Site icon Alexander Hammil

The Swamp

This is a guest post by Marissa. Inspiration for this sketch came from this image.

He came from the Louisiana marshlands and a family with more children than they could feed. When the kids weren’t in school, they hunted the swamps for creatures to add to Ma Rosalie’s stews and gumbos. Only one picture was taken of him as a child for a blurry family portrait. He was the runt of the family, and looked skinny and sickly looking, face covered in muddy streaks. He had probably been stalking toads or hunting nutria through the bullrushes before being called back to the house.

As a young man, he burned to leave the swamp’s soupy air, the endless swarms of insects, the Spanish moss hanging over everything like a deathly pallor. He studied hard, read all the books he could find, and won a scholarship to study law far away in a great Northern city. He never returned to his family home and spoke to his relatives only rarely. They were slow in responding to letters. Neither his parents nor any of his siblings shared his readerly bent. And they were even slower in getting telephone service. Not that it would have mattered. He did not know what to tell them about his life now anyhow.

The city was everything the swamp wasn’t. In every corner of the city, the will of man declares victory over the landscape. Streets and buildings are planned and designed and built, entirely undisturbed by the hungerings of the natural world. For swamp people, nature was the the absolute, savage sovereign. Any attempts by humans to stake their claim on it, or even to separate themselves from the wilds around them, always failed. There was no defeating the creeping moss and ferns and vicious things.

His family could not understand his new life and he made sure that no one in the city knew anything about where he came from. He preferred his solitude. And by the time he retired, he was one of the wealthiest, most prominent attorneys in the state. As his health declined though, recurring nightmares set in that he couldn’t shake.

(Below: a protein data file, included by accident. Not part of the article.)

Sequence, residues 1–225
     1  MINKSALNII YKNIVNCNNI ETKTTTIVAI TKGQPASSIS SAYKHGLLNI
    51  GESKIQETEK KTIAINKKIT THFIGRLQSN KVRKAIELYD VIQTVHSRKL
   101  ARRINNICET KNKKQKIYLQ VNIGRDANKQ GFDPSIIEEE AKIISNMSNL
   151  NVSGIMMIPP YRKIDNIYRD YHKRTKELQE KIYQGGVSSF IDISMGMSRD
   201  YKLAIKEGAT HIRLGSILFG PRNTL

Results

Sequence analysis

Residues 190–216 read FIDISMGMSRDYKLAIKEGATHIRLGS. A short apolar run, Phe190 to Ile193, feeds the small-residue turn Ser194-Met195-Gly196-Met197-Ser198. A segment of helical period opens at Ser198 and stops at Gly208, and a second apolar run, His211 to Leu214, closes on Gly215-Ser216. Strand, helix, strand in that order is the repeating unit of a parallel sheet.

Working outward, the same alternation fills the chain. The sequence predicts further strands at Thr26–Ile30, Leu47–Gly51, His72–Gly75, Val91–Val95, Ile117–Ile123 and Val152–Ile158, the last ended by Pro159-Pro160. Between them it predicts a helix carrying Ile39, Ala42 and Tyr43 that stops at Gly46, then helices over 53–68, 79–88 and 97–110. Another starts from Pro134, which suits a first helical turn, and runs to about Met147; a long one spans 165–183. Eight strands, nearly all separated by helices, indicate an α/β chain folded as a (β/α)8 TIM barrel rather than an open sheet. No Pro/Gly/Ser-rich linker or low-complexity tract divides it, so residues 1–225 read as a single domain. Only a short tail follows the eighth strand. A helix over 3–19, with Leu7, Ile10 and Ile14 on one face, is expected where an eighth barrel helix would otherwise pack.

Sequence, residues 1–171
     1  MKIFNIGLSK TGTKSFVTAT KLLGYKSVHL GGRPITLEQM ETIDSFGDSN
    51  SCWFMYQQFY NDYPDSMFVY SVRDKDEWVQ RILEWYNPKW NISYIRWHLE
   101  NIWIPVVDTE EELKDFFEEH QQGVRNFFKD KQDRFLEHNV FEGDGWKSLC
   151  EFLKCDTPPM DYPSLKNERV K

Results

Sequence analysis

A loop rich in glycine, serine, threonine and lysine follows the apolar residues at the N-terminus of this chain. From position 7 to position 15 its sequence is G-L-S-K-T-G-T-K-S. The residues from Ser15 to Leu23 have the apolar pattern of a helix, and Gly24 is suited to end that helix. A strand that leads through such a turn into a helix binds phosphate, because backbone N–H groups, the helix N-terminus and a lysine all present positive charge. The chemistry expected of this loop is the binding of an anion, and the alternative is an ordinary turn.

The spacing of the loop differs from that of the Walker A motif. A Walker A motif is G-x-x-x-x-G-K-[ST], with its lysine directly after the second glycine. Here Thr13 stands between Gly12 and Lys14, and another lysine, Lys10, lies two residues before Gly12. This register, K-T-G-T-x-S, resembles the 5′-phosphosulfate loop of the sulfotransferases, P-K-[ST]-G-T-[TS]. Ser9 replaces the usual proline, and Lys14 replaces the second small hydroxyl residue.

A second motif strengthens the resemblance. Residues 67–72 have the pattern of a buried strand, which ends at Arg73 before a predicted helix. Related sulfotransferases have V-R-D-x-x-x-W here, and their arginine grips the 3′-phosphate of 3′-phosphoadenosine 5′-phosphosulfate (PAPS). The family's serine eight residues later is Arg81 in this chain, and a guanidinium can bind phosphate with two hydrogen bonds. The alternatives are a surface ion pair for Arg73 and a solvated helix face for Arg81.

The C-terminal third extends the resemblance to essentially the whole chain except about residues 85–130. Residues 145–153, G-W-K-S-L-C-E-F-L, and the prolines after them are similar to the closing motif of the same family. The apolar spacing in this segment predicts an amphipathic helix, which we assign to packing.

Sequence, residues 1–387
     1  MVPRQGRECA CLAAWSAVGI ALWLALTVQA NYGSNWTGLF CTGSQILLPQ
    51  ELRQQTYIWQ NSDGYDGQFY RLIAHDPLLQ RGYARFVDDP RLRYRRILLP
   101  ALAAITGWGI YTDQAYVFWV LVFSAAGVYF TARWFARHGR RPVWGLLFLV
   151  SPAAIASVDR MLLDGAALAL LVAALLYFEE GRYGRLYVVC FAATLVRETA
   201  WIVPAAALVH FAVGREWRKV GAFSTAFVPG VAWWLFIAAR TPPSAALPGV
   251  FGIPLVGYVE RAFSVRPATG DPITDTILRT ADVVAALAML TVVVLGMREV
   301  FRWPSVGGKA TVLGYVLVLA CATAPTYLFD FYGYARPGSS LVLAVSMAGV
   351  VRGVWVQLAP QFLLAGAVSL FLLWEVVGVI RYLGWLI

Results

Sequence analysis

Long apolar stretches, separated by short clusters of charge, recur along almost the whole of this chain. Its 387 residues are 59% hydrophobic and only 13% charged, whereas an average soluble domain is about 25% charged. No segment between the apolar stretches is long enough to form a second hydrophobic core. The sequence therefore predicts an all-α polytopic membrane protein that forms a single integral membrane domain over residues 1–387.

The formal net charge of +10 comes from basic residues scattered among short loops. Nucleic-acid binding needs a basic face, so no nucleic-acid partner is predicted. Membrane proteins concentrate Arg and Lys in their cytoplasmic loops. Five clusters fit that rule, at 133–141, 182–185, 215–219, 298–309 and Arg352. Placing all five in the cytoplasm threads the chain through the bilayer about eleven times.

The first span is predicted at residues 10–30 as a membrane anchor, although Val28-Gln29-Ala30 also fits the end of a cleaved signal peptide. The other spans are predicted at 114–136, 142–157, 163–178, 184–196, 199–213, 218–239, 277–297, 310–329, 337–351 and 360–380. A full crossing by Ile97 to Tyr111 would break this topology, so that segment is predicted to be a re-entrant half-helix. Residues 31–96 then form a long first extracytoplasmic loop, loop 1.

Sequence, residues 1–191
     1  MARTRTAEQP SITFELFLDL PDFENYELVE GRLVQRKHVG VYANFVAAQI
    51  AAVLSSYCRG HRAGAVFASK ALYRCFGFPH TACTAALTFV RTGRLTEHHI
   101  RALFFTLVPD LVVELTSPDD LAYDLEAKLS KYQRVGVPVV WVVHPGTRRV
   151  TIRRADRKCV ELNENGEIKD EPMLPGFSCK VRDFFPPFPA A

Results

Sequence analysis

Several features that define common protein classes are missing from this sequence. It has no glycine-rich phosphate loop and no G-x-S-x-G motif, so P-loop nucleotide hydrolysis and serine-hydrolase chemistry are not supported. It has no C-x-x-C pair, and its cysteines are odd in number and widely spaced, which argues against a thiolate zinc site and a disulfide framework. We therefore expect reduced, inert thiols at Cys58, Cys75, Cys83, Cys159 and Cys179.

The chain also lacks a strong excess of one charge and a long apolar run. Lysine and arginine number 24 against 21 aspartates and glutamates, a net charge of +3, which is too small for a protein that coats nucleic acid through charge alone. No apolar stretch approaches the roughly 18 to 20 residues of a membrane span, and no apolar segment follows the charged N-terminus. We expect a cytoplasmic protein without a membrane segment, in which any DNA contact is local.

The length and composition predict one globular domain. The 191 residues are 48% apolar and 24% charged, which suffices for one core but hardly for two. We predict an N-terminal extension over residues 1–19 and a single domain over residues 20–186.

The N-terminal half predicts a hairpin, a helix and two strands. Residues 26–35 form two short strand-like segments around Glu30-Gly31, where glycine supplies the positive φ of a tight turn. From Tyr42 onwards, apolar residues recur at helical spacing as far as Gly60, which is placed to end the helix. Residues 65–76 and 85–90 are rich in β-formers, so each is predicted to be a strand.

They started as an ordinary day in his law office. He would be working at his desk in his favorite dark grey wool suit, smoking his pipe. But he would pause in the middle of thinking through some argument he was writing and casually look down at himself. Instead of legs, he’d see a crawfish’s segmented lower half. Spindly crawfish legs would twitch and flail at him. He’d realize that his right arm was now a newt’s, staining the legal documents he was working on with a dark slime.

He couldn’t see his left arm, still shadowed under his desk. He’d try to somehow, however he could, stop himself from looking, but he wouldn’t be able to resist. He’d lift it out of the shadows and where his hand should have been, he’d find a baby alligator’s smiling, snapping mouth.

These nightmares only ceased when he made a final change to his will. When he died, they returned his body to his family. They buried him deep in the swamp behind the house.

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